[security-dev 00510]: Re: SSLContextFactory

Xuelei Fan Xuelei.Fan at Sun.COM
Thu Jan 22 17:16:15 PST 2009

Bruno Harbulot wrote:
> Hi Xuelei,
> Thanks for looking into this.
> I agree with you, everything that's required is already in the JavaSE 
> API. I find, however, that using these classes requires a careful 
> reading of the JSSE ref. guide and the Certification path ref. guide, 
> both of which are rather long and non-trivial (at least to me). I 
> suspect many developers don't have time to get into such a depth of 
> details.
> One of the use-cases that was the motivation for PKIXSSLContextFactory 
> in jSSLutils was to be able to add CRLs quite easily. Thus, you get 
> something like this:
> PKIXSSLContextFactory sslContextFactory =
>     new PKIXSSLContextFactory(keyStore, "keypassword", trustStore);
> sslContextFactory.addCrl("http://ca.example.org/root-crl");
> sslContextFactory.addCrl("http://ca.example.org/intermediate-crl");
> SSLContext sslContext = sslContextFactory.buildSSLContext();
> It's true that it's not possible to cover all cases, but I would guess 
> that there is small set of cases that are more frequent (such as 
> adding CRLs explicitly).
> Even some high-profile projects don't necessarily handle this case, or 
> haven't been doing it for a long time (for example, as far as I can 
> see, CRL support was added to Tomcat only in 2006, and it accepts only 
> one CRL file).
> I was only suggesting that an SSLContext factory be added to the main 
> API because it seems that a few projects create their own (named one 
> way or another). Having an SSLContextFactory interface and perhaps a 
> default PKIX-based implementation (or following the default value) 
> that would take a keystore and truststore (or fall back to either 
> default values) might help harmonise the practice amongst various 
> projects (such as Tomcat, Grizzly/Glassfish, Jetty, Restlet, ...).
Because the JSSE has already provided the TrustManagerFactory and
KeyManagerFactory, and one can customize the trust manager and key
manager with simple processes, I don't think the SSLContextFactory is a
have-to-have interface, although is is cool knife for some application.

Personally, I would prefer a library or a provider that gives many
customized trust managers and key managers, and then the programmers
join them into SSLContext by SSLContext.init() according to their
> This being said, perhaps the main Java API isn't the right place for 
> this. It can be in a separate library indeed.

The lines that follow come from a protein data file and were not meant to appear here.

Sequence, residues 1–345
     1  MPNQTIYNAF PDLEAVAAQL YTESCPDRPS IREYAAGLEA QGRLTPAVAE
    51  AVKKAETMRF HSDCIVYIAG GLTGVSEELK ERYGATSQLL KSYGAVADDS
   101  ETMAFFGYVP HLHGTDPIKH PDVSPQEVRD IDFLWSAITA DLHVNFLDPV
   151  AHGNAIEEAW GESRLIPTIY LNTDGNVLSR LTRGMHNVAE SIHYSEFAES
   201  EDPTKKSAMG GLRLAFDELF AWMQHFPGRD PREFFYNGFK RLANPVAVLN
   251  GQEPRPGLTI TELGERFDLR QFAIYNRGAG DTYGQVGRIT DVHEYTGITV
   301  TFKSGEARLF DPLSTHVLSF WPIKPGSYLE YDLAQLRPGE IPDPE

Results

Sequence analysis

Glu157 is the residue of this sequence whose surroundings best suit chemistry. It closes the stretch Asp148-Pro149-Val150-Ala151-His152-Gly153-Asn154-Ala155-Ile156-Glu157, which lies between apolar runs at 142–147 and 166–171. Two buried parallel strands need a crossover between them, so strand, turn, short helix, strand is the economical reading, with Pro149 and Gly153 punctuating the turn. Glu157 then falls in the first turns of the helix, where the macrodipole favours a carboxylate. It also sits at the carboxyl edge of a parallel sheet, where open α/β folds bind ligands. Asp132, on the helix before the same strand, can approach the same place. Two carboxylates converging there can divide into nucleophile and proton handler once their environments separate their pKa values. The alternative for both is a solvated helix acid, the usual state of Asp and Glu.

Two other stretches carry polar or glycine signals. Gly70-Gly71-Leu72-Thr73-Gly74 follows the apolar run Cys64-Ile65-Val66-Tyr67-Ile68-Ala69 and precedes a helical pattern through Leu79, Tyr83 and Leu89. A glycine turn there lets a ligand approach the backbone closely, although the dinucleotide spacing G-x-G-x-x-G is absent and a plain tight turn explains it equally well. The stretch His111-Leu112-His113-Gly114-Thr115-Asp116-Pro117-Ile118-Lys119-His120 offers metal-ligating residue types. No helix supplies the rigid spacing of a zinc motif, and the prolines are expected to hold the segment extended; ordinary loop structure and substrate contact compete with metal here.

Yes, it is of great help for some certain applications, but just as you
said, I really don't think it should be in JRE level.

> Best wishes,
> Bruno.
> Xuelei Fan wrote:
>> Hi Bruno,
>> I have read your jsslutils project times, it is a really good 
>> practice to wrap complex logics into a simple one.
>> By my understanding (If I'm wrong or something missed, correct me), 
>> the underlying requirements for SSLContextFactory are:
>> 1. multiple SSLContext instances per thread or request.
>> 2. customizable key/trust managers.
>> 3. support CRLs.
>> Let's discuss it one by one:
>> 1. multiple SSLContext instances per thread or request.
>>    SSLContext.init(KeyManager[], TrustManager[], SecureRandom)[1][2] 
>> could be used to create SSLContext at anytime you want to.
>> 2. customizable key/trust managers.
>>    KeyManagerFactory[3] defines two initialization methods, 
>> KeyManagerFactory.init(KeyStore, char[]) and 
>> KeyManagerFactory.init(ManagerFactoryParameters). Both of the methods 
>> could be used to customized the key managers.
>>    Similarly, TrustManagerFactory[4] also defines two initialization 
>> methods, TrustManagerFactory.init(KeyStore, char[]) and 
>> TrustManagerFactory.init(ManagerFactoryParameters). Both of the 
>> methods could be used to customized the trust managers.
>>    Once the customized key/trust managers created, you can use the 
>> above SSLContext.init() method for a customized SSLContext.
>> 3. support CRLs.
>>    It is flexible to support CRLs for trust managers with 
>> TrustManagerFactory.init(ManagerFactoryParameters), please refer to 
>> [5]-[10] step by step.
>> OK, by now, the current interfaces meets your requirements, I think.